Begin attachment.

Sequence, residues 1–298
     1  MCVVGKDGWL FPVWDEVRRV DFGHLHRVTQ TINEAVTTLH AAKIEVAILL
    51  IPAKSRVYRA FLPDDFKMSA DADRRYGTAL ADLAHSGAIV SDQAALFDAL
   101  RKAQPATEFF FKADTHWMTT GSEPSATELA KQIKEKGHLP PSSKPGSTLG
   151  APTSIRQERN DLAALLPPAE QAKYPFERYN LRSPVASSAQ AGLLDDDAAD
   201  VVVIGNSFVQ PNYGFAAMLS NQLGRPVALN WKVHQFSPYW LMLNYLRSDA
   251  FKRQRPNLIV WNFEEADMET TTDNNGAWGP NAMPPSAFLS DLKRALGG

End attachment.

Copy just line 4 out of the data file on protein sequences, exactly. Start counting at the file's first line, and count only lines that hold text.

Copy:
   101  RKAQPATEFF FKADTHWMTT GSEPSATELA KQIKEKGHLP PSSKPGSTLG